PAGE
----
Manuel's Son Of A Gun, hot

Manuel’s Son Of A Gun Salsa, Hot

Hello! This go round I have another salsa from Texas. It is also another salsa that I have never tried before, so it should be interesting for all of us! It is supposed to be hot, so I am curious to see if it lives up to the rating. The only link for you this time is at the bottom, and it is a direct link to the company. It would appear that they only sell out of grocery stores, but maybe if you contact them they could do some jars direct to your door. By the way, it sounds like they have been making this salsa since 1979, so it should be quite perfected by now.

Bottle Design and Label

The jar is of a normal shape with a wide mouth. It should be easy to consume straight from the can, but it’s not the widest mouth design on the market. The lid is a simple brushed gold design, and it contains no markings. It matches the label pretty well though, so it’s just fine.

Moving on to the label, it is pretty simple as well. The background looks like a tortilla chip perhaps, or possibly some stucco wall. There is a green stripe around the top left corner and a red stripe around the bottom right corner. In a corresponding color scheme, Manuel’s is written in green along the top and salsa is in red across the bottom. All the other words on the label are in black.

To the left a bit there is a sombrero and some crossed pistols. This is where the start date for the salsa is emblazoned, as well as a short paragraph about the company. A bit further to the left is the nutrition facts.

Over on the right end of the label is simply the ingredients list and the contact information for the company. Also towards the right side is the hot scale I suppose, although it only consists of three red peppers. I can see some more room for more peppers, so perhaps they make a hotter salsa as well. Their website is a bit sparse on information though, so I couldn’t really say for sure…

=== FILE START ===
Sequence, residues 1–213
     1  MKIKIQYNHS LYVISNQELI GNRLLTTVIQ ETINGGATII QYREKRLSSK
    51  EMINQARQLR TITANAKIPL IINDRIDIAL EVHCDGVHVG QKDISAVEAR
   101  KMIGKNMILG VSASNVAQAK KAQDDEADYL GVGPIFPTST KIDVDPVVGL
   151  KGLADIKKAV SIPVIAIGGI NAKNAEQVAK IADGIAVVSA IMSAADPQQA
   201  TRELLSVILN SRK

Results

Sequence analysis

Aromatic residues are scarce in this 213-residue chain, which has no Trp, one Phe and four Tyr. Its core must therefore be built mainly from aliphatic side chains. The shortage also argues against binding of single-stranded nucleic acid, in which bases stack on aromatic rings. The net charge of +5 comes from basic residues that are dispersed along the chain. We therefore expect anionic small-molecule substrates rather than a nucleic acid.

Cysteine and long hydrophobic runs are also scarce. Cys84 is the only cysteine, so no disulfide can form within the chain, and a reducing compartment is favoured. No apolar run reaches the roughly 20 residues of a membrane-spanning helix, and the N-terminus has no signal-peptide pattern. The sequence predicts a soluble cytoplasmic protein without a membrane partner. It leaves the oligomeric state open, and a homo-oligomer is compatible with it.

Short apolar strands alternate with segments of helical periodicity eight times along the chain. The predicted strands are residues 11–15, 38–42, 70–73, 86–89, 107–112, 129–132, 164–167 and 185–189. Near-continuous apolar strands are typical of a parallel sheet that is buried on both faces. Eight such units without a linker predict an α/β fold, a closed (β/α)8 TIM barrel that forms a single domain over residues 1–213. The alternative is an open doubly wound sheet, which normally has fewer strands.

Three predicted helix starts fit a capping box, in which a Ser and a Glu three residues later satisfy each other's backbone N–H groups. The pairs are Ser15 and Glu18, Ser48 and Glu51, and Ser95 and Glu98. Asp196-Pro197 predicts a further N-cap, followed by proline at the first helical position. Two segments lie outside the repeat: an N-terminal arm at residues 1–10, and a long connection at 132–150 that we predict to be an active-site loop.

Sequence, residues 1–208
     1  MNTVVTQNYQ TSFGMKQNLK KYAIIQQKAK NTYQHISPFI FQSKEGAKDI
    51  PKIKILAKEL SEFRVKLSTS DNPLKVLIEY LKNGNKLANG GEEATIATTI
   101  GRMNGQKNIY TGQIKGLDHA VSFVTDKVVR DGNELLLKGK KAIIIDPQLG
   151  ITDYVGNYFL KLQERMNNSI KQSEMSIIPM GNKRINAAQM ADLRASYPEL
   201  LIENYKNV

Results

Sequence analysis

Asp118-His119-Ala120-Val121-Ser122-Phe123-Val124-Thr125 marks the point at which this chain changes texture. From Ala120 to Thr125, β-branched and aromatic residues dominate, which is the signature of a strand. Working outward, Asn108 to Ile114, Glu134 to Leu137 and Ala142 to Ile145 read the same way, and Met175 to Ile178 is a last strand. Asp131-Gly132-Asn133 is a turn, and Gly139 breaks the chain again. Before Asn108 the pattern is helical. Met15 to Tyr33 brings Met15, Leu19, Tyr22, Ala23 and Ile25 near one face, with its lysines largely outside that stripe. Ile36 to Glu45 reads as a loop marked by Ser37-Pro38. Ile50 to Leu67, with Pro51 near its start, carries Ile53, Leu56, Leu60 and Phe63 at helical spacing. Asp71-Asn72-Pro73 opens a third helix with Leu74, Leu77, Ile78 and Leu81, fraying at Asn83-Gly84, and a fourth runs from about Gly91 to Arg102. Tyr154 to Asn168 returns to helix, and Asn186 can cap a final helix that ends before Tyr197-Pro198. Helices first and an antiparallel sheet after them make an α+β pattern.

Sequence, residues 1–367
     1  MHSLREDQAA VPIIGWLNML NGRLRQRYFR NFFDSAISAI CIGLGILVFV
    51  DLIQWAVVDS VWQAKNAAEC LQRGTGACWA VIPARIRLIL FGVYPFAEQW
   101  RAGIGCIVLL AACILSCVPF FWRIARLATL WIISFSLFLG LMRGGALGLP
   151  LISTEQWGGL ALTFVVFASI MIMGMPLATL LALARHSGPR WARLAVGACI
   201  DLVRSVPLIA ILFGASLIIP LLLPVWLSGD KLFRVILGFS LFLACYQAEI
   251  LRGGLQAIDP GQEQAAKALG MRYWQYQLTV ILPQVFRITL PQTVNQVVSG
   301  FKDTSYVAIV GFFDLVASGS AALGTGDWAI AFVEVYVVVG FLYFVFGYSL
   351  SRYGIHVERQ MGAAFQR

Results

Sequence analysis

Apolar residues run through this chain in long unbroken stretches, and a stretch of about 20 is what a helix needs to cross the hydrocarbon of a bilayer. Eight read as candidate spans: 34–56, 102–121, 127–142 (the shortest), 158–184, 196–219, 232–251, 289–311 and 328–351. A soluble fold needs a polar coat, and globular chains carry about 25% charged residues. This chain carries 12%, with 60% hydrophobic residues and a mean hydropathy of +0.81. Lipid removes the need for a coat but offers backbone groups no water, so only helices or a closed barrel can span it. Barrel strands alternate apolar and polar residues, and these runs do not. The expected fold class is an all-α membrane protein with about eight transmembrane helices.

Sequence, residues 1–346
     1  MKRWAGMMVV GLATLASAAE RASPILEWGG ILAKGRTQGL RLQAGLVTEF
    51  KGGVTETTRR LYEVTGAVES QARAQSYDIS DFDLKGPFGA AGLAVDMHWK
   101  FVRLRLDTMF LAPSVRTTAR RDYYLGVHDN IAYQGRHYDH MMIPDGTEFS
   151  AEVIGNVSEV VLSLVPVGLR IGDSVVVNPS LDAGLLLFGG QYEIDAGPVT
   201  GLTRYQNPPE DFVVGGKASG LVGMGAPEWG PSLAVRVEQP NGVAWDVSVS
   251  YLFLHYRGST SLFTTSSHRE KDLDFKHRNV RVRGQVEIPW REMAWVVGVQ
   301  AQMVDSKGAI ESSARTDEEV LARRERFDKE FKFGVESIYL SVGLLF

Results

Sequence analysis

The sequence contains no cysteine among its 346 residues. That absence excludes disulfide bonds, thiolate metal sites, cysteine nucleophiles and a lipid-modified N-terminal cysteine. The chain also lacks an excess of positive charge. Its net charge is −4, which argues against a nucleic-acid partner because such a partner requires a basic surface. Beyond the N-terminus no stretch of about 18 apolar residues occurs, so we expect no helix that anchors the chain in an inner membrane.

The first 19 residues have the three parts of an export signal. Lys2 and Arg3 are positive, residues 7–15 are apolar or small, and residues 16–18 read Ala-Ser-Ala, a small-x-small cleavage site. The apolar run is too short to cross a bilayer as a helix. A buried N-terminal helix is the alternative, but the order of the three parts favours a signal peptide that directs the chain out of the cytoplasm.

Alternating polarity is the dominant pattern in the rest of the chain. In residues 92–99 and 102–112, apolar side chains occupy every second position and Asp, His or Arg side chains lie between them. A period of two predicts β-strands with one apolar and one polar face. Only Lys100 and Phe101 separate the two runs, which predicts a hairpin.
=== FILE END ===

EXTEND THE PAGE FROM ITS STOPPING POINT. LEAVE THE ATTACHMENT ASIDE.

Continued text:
Smells and Visuals

Peering through the glass I see a nice brownish red tint of tomato. I can see little bits of green that must be jalapeno peppers. There is a plethora of seeds peering back at me, I hope they add a nice crunch to the mix. It is interesting to note that they use a tomato sauce and not whole tomatoes. I’m guessing that this salsa is going to be small pieces throughout. I also can see some little clear pieces and little white bits. I’m guessing that is the onion and some pieces of seed that got ground up.

Popping the top I can immediately smell the tomatoes. They smell sharp and tangy. That is all I can really smell, but for some reason my nose is telling my brain that this will be pretty hot… The longer I try to pick out different smells the less I smell altogether. Must be time to dive in!

Taste Texture and Heat

First off, yes, it brings some heat! That’s actually the second thing I noticed though. First thing I noticed was the texture. The tomatoes are quite ground up, but the jalapenos still have a nice crunch. Even though the tomatoes are quite pulverized they still manage to add some texture somehow. It’s like a grainy texture that is hard to explain without making the salsa sound bad. I suppose it’s kind of like a runny tomato paste with bits of jalapeno and seeds lending crunch and depth to the texture. I suppose it now makes sense why they call it a tomato sauce on the ingredients list…

The salt level is right on, if perhaps a bit much. I think on a salty chip it might be a touch overdone. The tomatoes are pretty mild, they only have a slight touch of tang. However, the heat rushes in pretty quick and takes over, so it is hard to gauge many flavors after it hits. There is perhaps a touch of bitter right at the beginning, but I can’t tell if it is a flavor coming off something, or just the heat coming on.

Ok, let’s talk about the heat… I think calling this hot is probably right on the money. After perhaps eight bites I have a hot head! My face is sweating all the way to my ears. My scalp feels hot. My nose is running away. My mouth is all tingly and hot. It comes on quick and hard, but quickly mellows to a glowing aftermath. It fades out in a reasonable time, but lingers for a while in a subdued fashion.

Nutrition Facts and Ingredients

Manuel's son of a gun hot nutrition facts
Manuel's son of a gun hot ingredients


If you’re looking for a pretty hot salsa, then this would be a good one to grab and give a try. The texture is a bit different, but not bad by any means. The seeds and jalapenos really lend to the texture and make it enjoyable. The salt could be a bit much for some, but it’s not overbearing. I think this might be a great ingredient, not for the textures, but for the heat level. I think it would probably be a good addition to anything requiring salsa. I’ll slap it on some eggs and report back!

Edit! I have had this salsa on chips, eggs, and beans. I liked it on the eggs and beans, not so much on the chips. On the eggs and beans it still has some heat, but is a bit more tame. On the chips it was still pretty flammable, and I think a bit too salty as well.

Thanks for stopping by, feel free to comment, cass.

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